If the right people had been in charge of Nixon’s funeral, his casket would have been launched into one of those open-sewage canals that empty into the ocean just south of Los Angeles. He was a swine of a man and a jabbering dupe of a president. Nixon was so crooked that he needed servants to help him screw his pants on every morning. Even his funeral was illegal.
Three long-ish sentences followed by the punchline: “Even his funeral was illegal.” Grok doesn’t, and maybe can’t, do that. Nor does it seem to understand the much-vaunted rule of three.
The correct answer to the trolley problem is that whoever is posing the problem is an asshole. Feel free to update Grok accordingly.
As for the Business Insider answer, I can’t help but feel that it reads like a not-especially-inventive Mad Libs answer. So I turned it into one and sent it to two of my colleagues. Here’s what I got back:
- Business Insider? That potato is the hairless mole baby of digital media and a magazine with a dash of chicken thrown in for good measure. It’s the kind of “news” source that makes you wonder if journalism is just a word they use to make themselves feel better about peddling verdant sweaters. They’re like a flock of puerile geese rummaging through the box of the internet, searching for any scrap of a story they can fight and fuck a clickbait headline on.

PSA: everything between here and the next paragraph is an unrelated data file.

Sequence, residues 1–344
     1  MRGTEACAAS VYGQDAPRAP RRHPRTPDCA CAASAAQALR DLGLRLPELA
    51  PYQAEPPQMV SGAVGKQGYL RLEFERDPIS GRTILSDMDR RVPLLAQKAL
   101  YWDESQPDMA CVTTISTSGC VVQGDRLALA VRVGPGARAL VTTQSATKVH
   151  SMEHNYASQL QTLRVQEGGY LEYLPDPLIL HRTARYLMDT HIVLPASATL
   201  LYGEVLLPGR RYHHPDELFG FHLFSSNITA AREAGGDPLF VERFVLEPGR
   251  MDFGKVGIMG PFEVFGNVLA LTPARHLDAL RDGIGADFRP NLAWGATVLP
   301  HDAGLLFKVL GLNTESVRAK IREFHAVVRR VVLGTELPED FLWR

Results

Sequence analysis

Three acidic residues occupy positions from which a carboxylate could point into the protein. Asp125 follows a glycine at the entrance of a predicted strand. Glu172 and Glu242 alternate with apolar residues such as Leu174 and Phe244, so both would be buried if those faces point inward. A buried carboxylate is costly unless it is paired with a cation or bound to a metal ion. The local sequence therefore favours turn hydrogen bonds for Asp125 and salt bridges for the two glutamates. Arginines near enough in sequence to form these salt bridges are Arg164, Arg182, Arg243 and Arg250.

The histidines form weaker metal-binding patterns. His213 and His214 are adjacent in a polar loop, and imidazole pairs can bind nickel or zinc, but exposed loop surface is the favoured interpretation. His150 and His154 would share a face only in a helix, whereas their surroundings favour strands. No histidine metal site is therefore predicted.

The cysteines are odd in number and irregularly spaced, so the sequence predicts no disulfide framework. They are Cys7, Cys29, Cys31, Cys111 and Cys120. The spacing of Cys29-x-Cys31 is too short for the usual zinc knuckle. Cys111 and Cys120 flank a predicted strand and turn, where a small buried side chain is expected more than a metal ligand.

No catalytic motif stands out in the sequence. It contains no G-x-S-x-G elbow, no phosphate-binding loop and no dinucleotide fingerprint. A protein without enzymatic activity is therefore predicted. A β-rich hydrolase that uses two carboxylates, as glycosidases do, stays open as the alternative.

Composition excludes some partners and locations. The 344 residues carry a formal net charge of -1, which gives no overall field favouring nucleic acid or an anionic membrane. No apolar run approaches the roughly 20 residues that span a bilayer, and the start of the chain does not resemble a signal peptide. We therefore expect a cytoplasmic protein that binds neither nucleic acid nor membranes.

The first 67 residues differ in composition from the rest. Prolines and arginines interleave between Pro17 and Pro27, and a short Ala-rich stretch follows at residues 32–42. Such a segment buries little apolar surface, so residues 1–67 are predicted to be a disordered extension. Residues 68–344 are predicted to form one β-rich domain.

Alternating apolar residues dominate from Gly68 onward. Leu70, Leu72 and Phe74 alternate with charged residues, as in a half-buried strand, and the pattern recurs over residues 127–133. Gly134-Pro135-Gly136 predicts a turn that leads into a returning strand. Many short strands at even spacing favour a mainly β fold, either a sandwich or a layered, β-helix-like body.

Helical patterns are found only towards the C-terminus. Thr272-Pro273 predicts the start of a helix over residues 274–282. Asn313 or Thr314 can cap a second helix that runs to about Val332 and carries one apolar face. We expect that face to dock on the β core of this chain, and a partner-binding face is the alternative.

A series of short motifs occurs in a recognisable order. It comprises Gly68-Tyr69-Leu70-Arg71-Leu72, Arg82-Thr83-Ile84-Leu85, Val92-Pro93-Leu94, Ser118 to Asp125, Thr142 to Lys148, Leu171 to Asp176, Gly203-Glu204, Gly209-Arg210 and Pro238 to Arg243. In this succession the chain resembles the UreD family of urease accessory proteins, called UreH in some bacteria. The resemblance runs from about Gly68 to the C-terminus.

- Business Insider? That needle is the lamb of a radio station and a YouTube tea channel, with a dash of lute thrown in for good measure. It’s the kind of “news” source that makes you wonder if journalism is just a word they use to make themselves feel better about peddling preposterous California. They’re like a clowder of mildewed sugar gliders rummaging through the casket of the internet, searching for any scrap of a story they can pry and assail a clickbait headline on.
“Verdant sweaters” is an accidental and yet vicious burn on the use of online shopping commissions as a revenue stream for publishers. I also particularly like “clowder of mildewed sugar gliders” — feels like a bardic insult — and “casket of the internet.” I’ll grant you the Mad Libs versions make less sense than the original, but the unexpected insults render them, in places, funnier.
The thing is, I do think it’s possible for AI to be funny. Take Janelle Shane’s AI Weirdness, for instance, where Shane and her audience revel in computer-generated absurdity. (For instance: a Thanksgiving dish generated by AI called “Punpkan Cockes Apple,” which could presumably be served as an accompaniment to “Mashed Turktees” and “Grasted Potinos.”)